Special Report
School Choice & Charters

Gov. Riley Asks Ala. Board to Endorse Charter Schools

By The Associated Press — December 23, 2009 2 min read

Alabama Gov. Bob Riley asked members of the state school board Tuesday to support his efforts to authorize charter schools.

Riley told board members that a bill would be introduced in the upcoming legislative session that would allow charter schools to operate in the state. He said authorizing charter schools would give Alabama a better chance to compete for as much as $200 million in federal money the Obama administration is offering to states for innovative education programs.

Charter schools operate as public institutions, but with less red tape and regulations. The schools must meet state academic standards and are not allowed to discriminate in enrollment. But the schools often operate without requirements that students live in certain neighborhoods or only meet a certain number of days.

“This allows schools to still be public schools but does away with the bureaucracy that limits their ability to succeed,” Riley said.

He said charter schools might help improve some poor performing schools in economically disadvantaged areas. He said one approach would be to turn schools with poor test scores into charter schools.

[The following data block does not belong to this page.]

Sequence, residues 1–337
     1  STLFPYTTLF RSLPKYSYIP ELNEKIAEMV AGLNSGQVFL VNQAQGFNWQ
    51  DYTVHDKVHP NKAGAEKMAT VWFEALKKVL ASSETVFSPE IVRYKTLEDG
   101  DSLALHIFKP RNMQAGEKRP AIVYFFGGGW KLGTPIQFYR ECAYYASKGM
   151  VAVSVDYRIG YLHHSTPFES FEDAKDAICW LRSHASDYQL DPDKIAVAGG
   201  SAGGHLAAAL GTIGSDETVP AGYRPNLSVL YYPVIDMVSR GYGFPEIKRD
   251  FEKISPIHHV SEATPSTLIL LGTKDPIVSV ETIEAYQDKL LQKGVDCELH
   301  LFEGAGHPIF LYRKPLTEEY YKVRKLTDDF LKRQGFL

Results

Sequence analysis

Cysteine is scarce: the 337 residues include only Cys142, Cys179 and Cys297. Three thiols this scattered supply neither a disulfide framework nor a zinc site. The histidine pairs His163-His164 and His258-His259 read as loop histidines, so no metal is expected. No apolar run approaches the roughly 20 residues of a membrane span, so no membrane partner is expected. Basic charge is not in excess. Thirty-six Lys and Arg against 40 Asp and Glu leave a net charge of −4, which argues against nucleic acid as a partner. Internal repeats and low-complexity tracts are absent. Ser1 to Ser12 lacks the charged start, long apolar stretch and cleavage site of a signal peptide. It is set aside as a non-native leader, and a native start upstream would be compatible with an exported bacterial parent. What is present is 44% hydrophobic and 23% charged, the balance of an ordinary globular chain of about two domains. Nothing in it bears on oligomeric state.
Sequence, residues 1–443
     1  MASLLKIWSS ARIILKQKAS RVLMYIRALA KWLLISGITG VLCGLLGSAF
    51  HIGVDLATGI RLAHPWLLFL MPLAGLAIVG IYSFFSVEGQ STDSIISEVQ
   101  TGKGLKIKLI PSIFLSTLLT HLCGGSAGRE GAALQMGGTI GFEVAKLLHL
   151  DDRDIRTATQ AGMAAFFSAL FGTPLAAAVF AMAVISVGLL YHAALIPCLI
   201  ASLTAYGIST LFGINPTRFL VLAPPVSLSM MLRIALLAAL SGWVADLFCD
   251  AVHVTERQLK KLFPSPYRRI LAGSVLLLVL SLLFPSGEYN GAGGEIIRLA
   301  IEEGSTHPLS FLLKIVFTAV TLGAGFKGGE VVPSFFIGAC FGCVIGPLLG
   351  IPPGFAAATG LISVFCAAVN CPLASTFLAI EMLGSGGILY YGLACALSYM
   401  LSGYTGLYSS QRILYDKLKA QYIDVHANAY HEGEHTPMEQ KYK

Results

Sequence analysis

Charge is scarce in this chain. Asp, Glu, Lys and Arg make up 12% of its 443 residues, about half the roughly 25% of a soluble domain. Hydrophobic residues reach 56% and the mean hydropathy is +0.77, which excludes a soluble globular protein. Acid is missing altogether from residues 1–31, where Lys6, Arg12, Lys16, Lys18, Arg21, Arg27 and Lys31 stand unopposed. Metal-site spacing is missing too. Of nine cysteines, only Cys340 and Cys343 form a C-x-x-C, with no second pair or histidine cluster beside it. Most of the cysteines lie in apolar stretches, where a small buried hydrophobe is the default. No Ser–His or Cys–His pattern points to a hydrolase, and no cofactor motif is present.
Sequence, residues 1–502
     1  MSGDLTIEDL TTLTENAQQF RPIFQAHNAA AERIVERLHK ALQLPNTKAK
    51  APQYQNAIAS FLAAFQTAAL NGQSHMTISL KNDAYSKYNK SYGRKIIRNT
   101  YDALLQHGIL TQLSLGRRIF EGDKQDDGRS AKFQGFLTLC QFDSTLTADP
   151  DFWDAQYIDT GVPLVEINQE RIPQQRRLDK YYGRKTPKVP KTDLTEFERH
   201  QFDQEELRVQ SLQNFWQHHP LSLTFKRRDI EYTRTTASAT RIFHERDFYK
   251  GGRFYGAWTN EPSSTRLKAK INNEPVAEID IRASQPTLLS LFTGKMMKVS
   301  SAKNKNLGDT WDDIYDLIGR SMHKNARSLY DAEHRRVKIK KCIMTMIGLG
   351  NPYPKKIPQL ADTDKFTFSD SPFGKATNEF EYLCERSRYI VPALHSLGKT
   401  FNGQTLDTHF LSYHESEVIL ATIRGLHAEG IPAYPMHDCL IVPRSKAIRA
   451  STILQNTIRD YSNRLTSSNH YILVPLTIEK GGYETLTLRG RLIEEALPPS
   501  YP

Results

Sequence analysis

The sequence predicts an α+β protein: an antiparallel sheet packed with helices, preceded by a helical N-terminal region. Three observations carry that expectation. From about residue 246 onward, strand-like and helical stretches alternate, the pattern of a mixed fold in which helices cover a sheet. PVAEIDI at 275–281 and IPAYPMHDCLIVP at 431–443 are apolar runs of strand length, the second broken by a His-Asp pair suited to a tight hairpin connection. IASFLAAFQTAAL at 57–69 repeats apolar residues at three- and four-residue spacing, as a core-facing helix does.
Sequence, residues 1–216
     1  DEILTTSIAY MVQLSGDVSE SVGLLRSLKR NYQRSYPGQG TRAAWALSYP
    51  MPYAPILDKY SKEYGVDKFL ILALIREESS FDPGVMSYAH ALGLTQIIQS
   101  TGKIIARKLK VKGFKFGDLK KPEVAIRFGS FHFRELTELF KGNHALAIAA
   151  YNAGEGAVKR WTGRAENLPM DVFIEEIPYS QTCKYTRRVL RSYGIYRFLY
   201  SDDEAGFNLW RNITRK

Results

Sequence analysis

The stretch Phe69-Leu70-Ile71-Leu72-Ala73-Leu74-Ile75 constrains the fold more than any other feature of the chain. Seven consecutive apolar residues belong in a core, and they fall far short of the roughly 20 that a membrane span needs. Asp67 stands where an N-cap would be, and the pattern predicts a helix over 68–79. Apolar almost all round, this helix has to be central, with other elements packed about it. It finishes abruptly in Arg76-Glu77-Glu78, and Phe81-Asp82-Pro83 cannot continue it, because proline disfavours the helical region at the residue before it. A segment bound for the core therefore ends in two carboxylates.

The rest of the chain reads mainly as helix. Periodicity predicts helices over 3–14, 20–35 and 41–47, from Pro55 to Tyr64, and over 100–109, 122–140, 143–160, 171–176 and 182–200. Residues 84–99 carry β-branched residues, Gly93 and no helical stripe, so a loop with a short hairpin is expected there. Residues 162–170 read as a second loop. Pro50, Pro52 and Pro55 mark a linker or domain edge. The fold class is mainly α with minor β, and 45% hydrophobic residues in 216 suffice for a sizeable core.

“We could focus on the schools that just haven’t been able to put it together. I really believe this is something this board needs to support,” Riley said.

Efforts to authorize charter schools have been opposed by the state’s teachers union, the Alabama Education Association. AEA officials say charter schools might allow schools to fire teachers without going through the current dismissal procedures.

Mary Bruce Ogles, AEA’s assistant executive secretary, said union officials want to look at the legislation.

“Unless we see something very different, we are still concerned about the dismissal issue,” Ogles said.

She said it is more urgent for the governor and the Legislature to pass a budget that adequately funds education during a recession than to create charter schools.

The governor and his education policy adviser, Mark Dixon, spent almost two hours explaining to board members how charter schools would work. Dixon said the final bill has not been prepared and it has not been decided which legislator will sponsor it.

Board vice president Randy McKinney said he expects the board will study the governor’s proposal, offer input and vote on whether to endorse it.

Board member Ella Bell of Montgomery said she worries that charter schools might cause schools that are now integrated to become all-black or all white.

Bell, who is black, said she has worked much of her life to integrate schools and is concerned that many remain mostly segregated.

“How in the world is this going to make sure schools like that don’t exist,” Bell asked the governor.

Riley said admission into the schools would be random and not be based on race. He pointed out that President Barack Obama is a supporter of charter schools.

“You have the nation’s first African-American president pushing for this,” Riley said.

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